So, several of the pollutants can’t be readily seen in the plume of an industrial plant, but they are dangerous none-the-less. Generally, only escaping particulates are readily seen. Lets look at some examples:

(Click on photos for a larger view.)

Figure 1. The Sioux Energy Center Before Dawn on a Winter Day. Photo by John May.

Figure 1. The Sioux Energy Center Before Dawn on a Winter Day. Photo by John May.

Figure 2. Mississippi Lime Co. Ste. Genevieve Plant on a Winter Morning. Photo by John May.

Figure 2. Mississippi Lime Co. Ste. Genevieve Plant on a Winter Morning. Photo by John May.

 

 

 

 

 

 

 

 

Figure 1 and Figure 2 show the Sioux Energy Center and the Mississippi Lime Company Ste. Genevieve Plant. The photos show dramatic white plumes belching from the chimneys of these two plants. Those white plumes sure are dramatic, but they are not the problem. They are mostly steam – water vapor. It condenses when it hits the air on a cold morning, forming dramatic white clouds. The dark parts of the cloud are simply shadow where the cloud has become thick enough to block the sun.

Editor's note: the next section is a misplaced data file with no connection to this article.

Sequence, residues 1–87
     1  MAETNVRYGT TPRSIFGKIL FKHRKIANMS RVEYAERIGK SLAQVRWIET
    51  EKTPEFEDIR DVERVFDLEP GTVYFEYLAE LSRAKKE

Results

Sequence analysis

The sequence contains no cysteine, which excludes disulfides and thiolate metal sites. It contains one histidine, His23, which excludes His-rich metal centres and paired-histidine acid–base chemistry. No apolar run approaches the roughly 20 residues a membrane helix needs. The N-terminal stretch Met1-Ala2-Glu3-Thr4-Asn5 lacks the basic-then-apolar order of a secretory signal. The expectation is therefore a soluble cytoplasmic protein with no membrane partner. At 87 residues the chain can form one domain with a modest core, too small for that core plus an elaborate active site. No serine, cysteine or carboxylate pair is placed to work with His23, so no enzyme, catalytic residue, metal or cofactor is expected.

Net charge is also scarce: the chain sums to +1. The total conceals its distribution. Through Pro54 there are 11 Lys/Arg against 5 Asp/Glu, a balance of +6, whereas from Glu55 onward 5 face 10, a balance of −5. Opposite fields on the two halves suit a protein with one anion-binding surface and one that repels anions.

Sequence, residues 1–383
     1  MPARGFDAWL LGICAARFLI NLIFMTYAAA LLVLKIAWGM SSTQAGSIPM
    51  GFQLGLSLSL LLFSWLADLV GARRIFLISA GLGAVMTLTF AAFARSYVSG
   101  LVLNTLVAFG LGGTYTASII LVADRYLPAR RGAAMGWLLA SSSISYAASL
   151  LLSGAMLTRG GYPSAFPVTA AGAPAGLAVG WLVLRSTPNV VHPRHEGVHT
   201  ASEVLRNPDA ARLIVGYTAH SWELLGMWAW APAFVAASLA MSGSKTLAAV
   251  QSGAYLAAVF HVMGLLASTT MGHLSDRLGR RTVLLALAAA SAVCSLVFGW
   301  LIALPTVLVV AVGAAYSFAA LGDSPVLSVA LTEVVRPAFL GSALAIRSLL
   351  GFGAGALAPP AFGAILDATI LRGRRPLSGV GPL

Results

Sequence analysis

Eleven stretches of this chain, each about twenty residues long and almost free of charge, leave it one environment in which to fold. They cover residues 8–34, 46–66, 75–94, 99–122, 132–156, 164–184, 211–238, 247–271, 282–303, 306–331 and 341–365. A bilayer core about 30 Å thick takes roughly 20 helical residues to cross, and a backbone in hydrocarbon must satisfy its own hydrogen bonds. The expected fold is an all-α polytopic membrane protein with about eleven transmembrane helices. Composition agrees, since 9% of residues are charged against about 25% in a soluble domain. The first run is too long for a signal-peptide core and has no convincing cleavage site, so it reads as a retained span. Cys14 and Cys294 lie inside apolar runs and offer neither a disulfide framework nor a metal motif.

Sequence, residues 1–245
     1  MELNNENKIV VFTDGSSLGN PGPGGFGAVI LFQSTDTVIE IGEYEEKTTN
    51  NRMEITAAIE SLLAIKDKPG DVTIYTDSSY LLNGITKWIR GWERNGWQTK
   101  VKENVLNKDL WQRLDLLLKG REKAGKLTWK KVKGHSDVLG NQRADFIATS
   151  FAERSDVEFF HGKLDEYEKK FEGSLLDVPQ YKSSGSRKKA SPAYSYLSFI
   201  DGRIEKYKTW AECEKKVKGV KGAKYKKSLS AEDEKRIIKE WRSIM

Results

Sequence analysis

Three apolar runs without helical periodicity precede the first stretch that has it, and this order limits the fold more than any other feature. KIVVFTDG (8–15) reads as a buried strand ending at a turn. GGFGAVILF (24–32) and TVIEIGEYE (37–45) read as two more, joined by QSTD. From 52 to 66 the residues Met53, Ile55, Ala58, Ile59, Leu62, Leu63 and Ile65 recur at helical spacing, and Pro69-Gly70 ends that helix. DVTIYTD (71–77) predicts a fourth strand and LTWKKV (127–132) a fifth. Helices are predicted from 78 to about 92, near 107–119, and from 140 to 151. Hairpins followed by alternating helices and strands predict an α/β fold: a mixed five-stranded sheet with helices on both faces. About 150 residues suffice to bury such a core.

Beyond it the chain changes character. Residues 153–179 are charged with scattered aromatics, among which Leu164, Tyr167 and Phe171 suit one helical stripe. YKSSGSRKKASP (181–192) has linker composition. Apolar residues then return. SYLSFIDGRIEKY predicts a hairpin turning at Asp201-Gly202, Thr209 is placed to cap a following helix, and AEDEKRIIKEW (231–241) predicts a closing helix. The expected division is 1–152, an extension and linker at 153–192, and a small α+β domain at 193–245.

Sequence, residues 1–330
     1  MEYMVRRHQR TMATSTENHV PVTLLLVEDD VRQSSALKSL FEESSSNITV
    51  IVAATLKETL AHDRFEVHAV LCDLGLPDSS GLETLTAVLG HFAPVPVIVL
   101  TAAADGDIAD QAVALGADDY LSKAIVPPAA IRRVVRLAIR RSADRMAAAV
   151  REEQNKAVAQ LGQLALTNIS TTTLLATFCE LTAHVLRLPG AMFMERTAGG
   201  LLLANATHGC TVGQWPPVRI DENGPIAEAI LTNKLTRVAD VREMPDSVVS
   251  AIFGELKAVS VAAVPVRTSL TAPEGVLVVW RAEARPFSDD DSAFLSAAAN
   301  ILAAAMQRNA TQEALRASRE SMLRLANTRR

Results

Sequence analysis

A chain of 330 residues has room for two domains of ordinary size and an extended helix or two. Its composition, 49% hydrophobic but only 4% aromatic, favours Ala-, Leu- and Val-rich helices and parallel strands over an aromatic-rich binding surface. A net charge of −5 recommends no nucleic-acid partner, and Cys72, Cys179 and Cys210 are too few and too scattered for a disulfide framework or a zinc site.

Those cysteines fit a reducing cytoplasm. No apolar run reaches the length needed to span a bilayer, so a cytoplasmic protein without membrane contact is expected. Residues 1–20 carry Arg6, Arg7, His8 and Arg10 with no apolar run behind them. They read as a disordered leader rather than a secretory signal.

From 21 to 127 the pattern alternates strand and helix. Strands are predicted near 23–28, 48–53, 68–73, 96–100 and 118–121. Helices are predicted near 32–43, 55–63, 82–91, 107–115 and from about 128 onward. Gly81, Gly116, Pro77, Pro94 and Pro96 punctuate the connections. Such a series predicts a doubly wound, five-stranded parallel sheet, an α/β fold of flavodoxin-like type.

The problem is what is hidden inside the white plume. That is where the air pollutants are. In addition, if you look at the buildings in Figure 2, you can see a gray haze. Those are particulates. I don’t know if they are PM2.5, PM10, or even larger particles, or perhaps a combination of all 3. While taking the photo in Figure 2, I noticed a definite rotten-egg smell. That is usually caused by sulfur dioxide, and it suggests that sulfur dioxide was being emitted by the plant. You can’t see it, however, it is colorless.

The Labadie Energy Center on a Spring Morning. Photo by John May.